Did Pullman Sleepers have baths

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Did Pullman Sleepers have baths
Posted by Lindsay_K on Wednesday, February 20, 2019 11:21 PM

Hello, another question for you:

Did Pullman Standard Sleepers have baths or just sink/toilet facilities? Wondering from 1900-1915 so both wooden and steel.

 

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Posted by Deggesty on Thursday, February 21, 2019 10:07 AM

No, from the beginning, Pullman sleepers had washroom with basins and toilets only.

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Posted by Jones1945 on Thursday, February 21, 2019 12:06 PM

Wait until the lightweight Pullman train arrives in 1938 for the famous 20th Century Limited and the Broadway Limited; the master room contained a private shower but not a bath; I wonder how many patrons would use it... 

I am not sure about the arrangement of trains like the Overland Limited where the traveler needed spend a few days on the train, I guess there was a break for them to take a bath or shower in the hotel when the train paused in some bigger cities?

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Posted by Deggesty on Thursday, February 21, 2019 1:24 PM

I do not know just when the practice began, but in the thirties several trains, including the Century and the Broadway, had bathtubs or showers in the lounge cars, along with barber shops.

In 1950, the Southern had one master bedrrom with a shower in each set of the lightweight equipment built for the Crescent.

I expect people riding trains without bath facilities simply put up with washing what they could before reaching their destinations. I do not think that there was enough time at any of the stops to make a trip to a hotel possible.

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Posted by rcdrye on Thursday, February 21, 2019 1:42 PM

Several of the extra-fare (and even some no-extra-fare) trains between Chicago and Pacific Coast points had bathtubs (usually in the lounge car and overseen by the barber shop) in the early part of the 20th Century.  Off hand I can count the Overland Limited and the Olympian, as well as Santa Fe's DeLuxe and Rock Island's Golden State.  The only cars with showers in the rooms were the few that had "Master Rooms" (PRR "View", SR "Crescent") and the California Zephyr in the Drawing rooms in the observation car.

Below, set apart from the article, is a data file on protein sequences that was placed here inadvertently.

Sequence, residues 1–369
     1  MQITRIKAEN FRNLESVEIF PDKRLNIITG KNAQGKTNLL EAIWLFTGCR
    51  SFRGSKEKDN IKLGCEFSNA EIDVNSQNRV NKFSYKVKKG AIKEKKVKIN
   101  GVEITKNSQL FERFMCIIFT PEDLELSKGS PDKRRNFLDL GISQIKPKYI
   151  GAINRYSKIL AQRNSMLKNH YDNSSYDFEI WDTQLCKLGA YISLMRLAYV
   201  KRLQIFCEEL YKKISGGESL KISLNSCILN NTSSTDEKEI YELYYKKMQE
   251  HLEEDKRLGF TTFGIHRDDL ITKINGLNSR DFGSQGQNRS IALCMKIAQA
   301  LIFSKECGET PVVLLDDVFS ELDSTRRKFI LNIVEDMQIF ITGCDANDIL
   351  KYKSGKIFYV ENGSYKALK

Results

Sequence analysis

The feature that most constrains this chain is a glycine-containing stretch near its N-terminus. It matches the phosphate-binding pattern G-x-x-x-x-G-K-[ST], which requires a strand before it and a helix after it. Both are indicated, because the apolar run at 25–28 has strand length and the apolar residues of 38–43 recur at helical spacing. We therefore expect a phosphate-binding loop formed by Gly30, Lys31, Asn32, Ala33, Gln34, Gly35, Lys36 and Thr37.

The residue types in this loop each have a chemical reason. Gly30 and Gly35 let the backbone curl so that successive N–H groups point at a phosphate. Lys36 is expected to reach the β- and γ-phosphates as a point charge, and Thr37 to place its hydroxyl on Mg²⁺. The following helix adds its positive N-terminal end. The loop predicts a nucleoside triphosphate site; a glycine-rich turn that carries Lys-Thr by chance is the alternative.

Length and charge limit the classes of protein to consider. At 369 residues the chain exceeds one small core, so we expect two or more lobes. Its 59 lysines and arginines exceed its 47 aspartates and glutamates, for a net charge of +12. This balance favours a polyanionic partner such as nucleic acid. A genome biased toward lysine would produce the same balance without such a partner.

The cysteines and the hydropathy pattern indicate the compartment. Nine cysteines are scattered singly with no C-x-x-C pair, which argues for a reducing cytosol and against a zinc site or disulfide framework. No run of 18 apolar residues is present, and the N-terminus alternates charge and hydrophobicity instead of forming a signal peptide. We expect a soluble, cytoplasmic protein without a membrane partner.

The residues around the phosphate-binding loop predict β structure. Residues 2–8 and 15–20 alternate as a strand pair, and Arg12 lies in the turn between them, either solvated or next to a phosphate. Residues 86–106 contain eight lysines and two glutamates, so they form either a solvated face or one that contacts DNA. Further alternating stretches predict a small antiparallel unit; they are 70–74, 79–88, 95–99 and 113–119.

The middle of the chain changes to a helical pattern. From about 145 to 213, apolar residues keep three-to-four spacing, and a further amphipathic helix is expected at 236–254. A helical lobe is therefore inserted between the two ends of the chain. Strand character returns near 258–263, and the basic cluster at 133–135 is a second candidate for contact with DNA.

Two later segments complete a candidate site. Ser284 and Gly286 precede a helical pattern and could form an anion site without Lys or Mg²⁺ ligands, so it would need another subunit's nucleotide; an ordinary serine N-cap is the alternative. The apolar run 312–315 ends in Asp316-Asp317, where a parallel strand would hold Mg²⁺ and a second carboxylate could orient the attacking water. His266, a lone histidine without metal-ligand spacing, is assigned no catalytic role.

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Posted by Lindsay_K on Thursday, February 21, 2019 3:18 PM
Any idea what year the baths were available?
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Posted by wjstix on Friday, February 22, 2019 1:48 PM

80' wood Pullman Palace baggage-lounge cars built from the 1890's into the 1910's had a bathtub next to the barbershop.

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Posted by Lindsay_K on Friday, February 22, 2019 10:10 PM

Thank you everyone!

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Posted by Jones1945 on Saturday, February 23, 2019 5:25 AM

IIRC, the bathtub and the barbershop was closed after the extra fare was dropped of the Broadway Limited (in 1943?). And of course, the Century kept running with the barbershop and extra fare. I cannot find the source in hand but barbershop and the bathtub on the postwar version Broadway were later converted into bedrooms. (Please correct me if I am wrong)

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Posted by WILLIAM O CRAIG on Saturday, February 23, 2019 7:15 PM

Up to at least the 1950s that I know about if you were in a typical Pullman washroom in the morning you would be doing very well if you could maneuver around all the other guys and manage to brush your teeth, shave and finish dressing.  Most men would be shaving the "old fashioned way" without an electric razor.  As I remember there were at least two wash basins.  There was a dental basin similar to that in a dentist's office, off to the side, that was generally ignored.   There was a long leather covered seat across one end of the wash room where  you could sit and smoke.  The toilet was in a tiny room off the main room, separated by a door.  Most people did not have the time or facilities to take a bath every day anyway.  The universal shower was a later development.  In fact there were a surprising number of older houses that did not even have a bathtub.  But we had deoderant and the ladies had perfume.

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Posted by K4sPRR on Sunday, February 24, 2019 10:57 AM

Jones1945

IIRC, the bathtub and the barbershop was closed after the extra fare was dropped of the Broadway Limited (in 1943?). And of course, the Century kept running with the barbershop and extra fare. I cannot find the source in hand but barbershop and the bathtub on the postwar version Broadway were later converted into bedrooms. (Please correct me if I am wrong)